Deliberate Undercounting of "Coalition" Fatalities

There is evidence of a concerted effort afoot to obfuscate the number of casualties in the recent crop of US-led wars. May 1st was the day the president Bush landed on an aircraft carrier and declared the end to the war and the start of the occupation of Iraq [1]. Since then many casualty numbers have been publicized, most of them disingenuous fudges of the real death toll. There are many reasons why the casualty toll is understated, and these are dissected here.

The Bush regime is doing its best to hide the human cost of its recent wars. Publicity of the soldiers’ deaths is bad during an election year, and would be bad for the continued justification for the American occupation of Iraq. If they are intent on hiding the casualty figures, then it behooves us to uncover and amplify them.

Are We a “Coalition”?

The US propagandists and the media refer to the term “coalition” when it suits them. When it is important to show that the US didn’t act alone without UN authorization, then the virtues of the “coalition” are extolled. When the purpose is to reduce the numbers of casualties reported and to hide the death toll, then it is convenient to count the US casualties exclusively. The fact that British, Danish, Spanish, Polish, and Iraqis working for US aren’t added to the casualty tally used by the media is less than honest.

If one found that the US media focused exclusively on US casualties, then this may be understandable. The British are the second most important contingent in the so-called coalition, and one would expect the British media to report casualties of both the US and UK. However, when reporting on the seriousness of the situation the BBC also separates the figures and focuses on the US casualties. BBC Online has numerous articles dealing exclusively with US casualties, and separately there are a few articles on British casualties [2]. One can only interpret this as an attempt to reduce the reported numbers and hide the scale of the resistance against the “coalition”. And downplaying the British casualties even in British media is odd to say the least.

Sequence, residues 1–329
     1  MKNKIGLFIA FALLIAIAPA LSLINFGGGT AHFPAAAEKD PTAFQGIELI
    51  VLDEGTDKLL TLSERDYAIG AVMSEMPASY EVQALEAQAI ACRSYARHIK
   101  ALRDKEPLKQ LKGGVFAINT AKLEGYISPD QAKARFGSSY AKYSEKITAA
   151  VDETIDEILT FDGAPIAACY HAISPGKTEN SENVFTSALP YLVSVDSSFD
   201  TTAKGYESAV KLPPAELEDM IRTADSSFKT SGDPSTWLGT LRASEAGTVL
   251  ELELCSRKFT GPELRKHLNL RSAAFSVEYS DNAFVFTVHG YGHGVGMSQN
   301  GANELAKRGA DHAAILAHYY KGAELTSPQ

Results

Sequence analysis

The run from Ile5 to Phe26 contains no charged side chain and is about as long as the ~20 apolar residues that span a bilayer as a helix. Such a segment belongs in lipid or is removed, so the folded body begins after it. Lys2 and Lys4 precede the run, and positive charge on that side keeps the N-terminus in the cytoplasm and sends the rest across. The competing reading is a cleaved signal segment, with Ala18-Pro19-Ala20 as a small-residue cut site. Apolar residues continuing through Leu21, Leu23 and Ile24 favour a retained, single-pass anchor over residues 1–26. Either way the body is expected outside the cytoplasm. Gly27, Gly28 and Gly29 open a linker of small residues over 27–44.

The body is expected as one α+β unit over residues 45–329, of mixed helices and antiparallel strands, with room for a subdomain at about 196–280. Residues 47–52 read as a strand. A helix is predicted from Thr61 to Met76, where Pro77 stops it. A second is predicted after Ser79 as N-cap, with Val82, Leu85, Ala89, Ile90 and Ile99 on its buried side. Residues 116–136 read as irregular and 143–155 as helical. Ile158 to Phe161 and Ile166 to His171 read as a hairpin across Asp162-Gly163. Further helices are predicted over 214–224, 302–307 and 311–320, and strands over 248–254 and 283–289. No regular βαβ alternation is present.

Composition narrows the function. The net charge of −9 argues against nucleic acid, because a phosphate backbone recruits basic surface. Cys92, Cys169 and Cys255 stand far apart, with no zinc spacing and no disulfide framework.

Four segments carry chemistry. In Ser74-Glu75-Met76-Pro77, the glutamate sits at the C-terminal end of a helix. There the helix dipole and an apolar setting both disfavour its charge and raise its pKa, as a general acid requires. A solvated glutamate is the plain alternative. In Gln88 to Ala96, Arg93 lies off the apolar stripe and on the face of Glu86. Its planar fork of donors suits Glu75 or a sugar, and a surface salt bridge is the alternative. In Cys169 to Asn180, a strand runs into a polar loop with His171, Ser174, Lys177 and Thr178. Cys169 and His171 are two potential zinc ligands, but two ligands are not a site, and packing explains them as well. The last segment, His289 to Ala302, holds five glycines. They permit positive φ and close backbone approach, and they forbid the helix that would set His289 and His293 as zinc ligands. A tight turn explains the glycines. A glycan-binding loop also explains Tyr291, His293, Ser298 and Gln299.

Classification Fudge

If a soldier steps on a landmine, should the victim be classified as a “hostile” casualty? How about someone killed clearing mines? In order to arrive at the media-reported fatality statistics, one must actually classify several such deaths as “non-hostile” ­- which are thus not reported by most media, as they only report the soldiers killed by “hostile” action. Of course, the major news groups are not required to use the propaganda compliant numbers — they keep extensive lists too. And if they aren’t willing to work out the numbers themselves, they could refer to Lunaville (a good quality data source) [3]. However, the classification currently used definitely results in a reduction of the number of reported casualties. It is also clear that the Pentagon’s numbers are used widely; otherwise, one couldn’t explain how CNN’s figures are the same as those reported by the BBC. Anyone attempting to record casualty figures, distinguishing for cause of death, would most likely have derived a different tally. Since this is not the case with major media, one can only infer that the use of propaganda compliant numbers serves to reduce the reported toll.